At least one of the above and other features and advantages may also be realized by providing a duty control circuit configured to control duty of a clock signal, the duty control circuit including a first clock input unit connected to a first node and a second node, the first clock input unit receiving an input clock signal from the first node and transmitting a first signal to the second node in response to the input clock signal, a first slew controller connected to the second node and having a plurality of first switches receiving a first voltage level, the plurality of first switches being selectively switched in response to a plurality of first control signals so as to transmit the first voltage level to the second node through the first switches that have been selectively switched, such that a rising slew rate of the first signal at the second node is varied, a second clock input unit connected to the second node and a third node, the second clock input unit receiving the first signal from the second node and transmitting a second signal to the third node in response to the first signal of the second node, a second slew controller connected to third node and having a plurality of second switches receiving a second voltage level, the plurality of second switches being selectively switched in response to a plurality of second control signals so as to transmit the second voltage level to the third node through the second switches that have been selectively switched, such that a falling slew rate of the second signal at the third node is varied, and a clock output unit, the clock output unit outputting an output clock signal having a duty that varies in accordance with the rising and falling slew rates of the second signal at the third node.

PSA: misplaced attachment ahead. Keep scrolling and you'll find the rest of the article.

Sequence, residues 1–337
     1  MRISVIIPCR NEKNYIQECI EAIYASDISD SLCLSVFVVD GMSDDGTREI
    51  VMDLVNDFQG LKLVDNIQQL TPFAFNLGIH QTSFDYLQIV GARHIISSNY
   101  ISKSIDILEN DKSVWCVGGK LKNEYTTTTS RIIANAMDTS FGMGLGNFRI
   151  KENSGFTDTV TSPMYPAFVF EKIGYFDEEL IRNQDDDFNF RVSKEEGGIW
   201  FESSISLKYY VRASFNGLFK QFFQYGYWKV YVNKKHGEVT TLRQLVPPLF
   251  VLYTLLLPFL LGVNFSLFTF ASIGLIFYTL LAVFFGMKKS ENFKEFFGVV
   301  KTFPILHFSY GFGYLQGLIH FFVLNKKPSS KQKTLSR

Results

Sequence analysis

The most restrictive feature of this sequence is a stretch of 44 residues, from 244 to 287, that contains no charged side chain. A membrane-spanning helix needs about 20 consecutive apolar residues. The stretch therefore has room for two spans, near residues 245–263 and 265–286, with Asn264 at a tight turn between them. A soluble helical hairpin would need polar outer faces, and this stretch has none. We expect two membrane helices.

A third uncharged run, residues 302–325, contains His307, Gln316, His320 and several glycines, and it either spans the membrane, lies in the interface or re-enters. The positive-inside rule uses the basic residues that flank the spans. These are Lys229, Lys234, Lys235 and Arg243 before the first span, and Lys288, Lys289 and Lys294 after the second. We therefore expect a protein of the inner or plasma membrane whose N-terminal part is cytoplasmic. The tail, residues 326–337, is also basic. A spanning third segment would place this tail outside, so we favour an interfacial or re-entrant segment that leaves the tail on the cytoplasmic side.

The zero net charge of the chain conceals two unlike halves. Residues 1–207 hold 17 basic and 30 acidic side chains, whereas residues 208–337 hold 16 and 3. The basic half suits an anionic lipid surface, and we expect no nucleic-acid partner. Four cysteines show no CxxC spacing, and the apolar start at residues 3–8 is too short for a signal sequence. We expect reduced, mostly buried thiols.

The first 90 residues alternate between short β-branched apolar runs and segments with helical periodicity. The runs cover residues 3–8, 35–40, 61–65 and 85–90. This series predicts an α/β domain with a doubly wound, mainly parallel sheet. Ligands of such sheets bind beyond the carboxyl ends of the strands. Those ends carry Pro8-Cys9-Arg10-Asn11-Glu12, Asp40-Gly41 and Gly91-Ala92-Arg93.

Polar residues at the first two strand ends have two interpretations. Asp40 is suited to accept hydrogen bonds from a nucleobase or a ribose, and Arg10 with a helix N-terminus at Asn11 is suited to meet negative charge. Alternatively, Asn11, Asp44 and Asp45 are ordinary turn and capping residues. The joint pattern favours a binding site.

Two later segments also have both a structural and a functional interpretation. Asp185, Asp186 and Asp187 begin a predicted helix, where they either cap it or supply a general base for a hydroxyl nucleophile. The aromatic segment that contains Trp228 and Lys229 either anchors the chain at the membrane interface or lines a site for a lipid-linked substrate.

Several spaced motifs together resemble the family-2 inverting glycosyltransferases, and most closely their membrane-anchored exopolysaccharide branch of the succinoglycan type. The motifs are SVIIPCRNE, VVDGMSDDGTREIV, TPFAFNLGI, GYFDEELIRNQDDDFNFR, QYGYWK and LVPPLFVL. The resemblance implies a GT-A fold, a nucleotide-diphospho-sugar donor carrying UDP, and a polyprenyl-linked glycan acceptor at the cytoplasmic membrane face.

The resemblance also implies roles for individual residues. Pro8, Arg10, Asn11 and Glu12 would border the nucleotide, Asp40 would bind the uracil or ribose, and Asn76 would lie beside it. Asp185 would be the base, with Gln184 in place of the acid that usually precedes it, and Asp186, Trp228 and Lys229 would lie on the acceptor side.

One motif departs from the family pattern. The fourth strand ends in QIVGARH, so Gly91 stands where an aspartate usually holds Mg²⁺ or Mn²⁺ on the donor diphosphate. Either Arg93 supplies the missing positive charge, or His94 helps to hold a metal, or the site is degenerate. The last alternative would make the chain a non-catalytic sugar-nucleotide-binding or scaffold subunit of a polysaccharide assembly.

The duty control circuit may further include a control signal generator. The clock output unit may receive the second signal of the third node and generate the output clock signal having a controlled duty, and the control signal generator may generate the first control signals for controlling the rising slew rate of the first signal and the second control signals for controlling the falling slew rate of the second signal.
The duty control circuit may further include a duty detector connected to a fourth node, the duty detector receiving the output clock signal from the fourth node, detecting the duty of the output clock signal, and providing the detection result to the control signal generator so that a slew rate of the signal at least one of the second and third nodes is controlled in response to the duty of the output clock signal.